Systems biology approaches are beginning to provide information that will enable a more complete view of how the genomic and epigenetic aberrations in cancer cells can alter the homeostasis of signalling networks within the tumour and surrounding microenvironment, both at the organ and organism level. This Review describes the potential of these systems-based approaches and how they are becoming vital for the development and implementation of effective drug discovery and personalized cancer therapy.
In this Review, Jeff Shrager and Marty Tenenbaum describe the latest generation of Precision Oncology, and the different ways to keep refining it. In Precision Oncology 3.0, each treatment event provides the chance to learn from it so that such treatment can be applied to other patients with similar characteristics without facing the difficult economic and structural challenges of a clinical trial.
Mutations in regulators of the epigenome and their connections to global chromatin patterns in cancer
There is an increasing realization of epigenetic dysregulation in cancer, which comprises both the mutation of genes encoding epigenetic regulators and the broader disruptions to chromatin states of the epigenome. This Review discusses our latest understanding of these phenomena, their convergence and the implications for cancer biology and therapeutics.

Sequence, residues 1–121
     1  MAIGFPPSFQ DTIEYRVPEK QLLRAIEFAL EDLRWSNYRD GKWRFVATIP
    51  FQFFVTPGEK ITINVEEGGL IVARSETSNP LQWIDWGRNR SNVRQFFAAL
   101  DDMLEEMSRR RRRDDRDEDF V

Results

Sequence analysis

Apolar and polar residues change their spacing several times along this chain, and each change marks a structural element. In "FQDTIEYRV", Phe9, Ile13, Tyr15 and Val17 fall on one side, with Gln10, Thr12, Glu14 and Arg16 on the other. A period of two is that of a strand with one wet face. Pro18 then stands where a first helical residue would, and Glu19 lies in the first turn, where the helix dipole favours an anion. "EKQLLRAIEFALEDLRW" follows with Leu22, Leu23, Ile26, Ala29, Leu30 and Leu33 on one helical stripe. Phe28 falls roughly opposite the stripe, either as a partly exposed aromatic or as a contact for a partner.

Next-generation sequencing has allowed an unprecedented genomic characterization of diverse cancer types. This Review describes our latest understanding of cancer genomes, including methods to interpret the mutation data, and the emerging biological and clinical implications.
This Review discusses the considerations for designing cancer genome-sequencing studies to fulfil different study aims, such as detecting recurrent mutations or assessing clonal evolution. For example, the cohort type and depth of sequencing can influence the downstream analysis.
Many cancers, particularly those that arise in childhood, have a hereditary component. In this Perspectives article, the authors provide their views on how the increased adoption of high-throughput DNA sequencing technologies, which produce vast genetic data that is not necessarily limited to known cancer-susceptibility loci, and cancer surveillance strategies are influencing the clinical management of familial cancer. Important ethical issues relating to genetic counselling and disclosure of genetic information on disease susceptibility are discussed, and strategies for approaching these ethical dilemmas are proposed.
A key challenge in oncology is obtaining drugs predicted to be beneficial based on the patient's tumour profile. One solution is creation of a national facilitated access programme and registry for off-label use of targeted anti-cancer drugs. Schilsky discusses several key elements of implementing personalized cancer care services in an oncology practice setting and offers solutions to some of the obstacles of making personalized medicine available to many patients.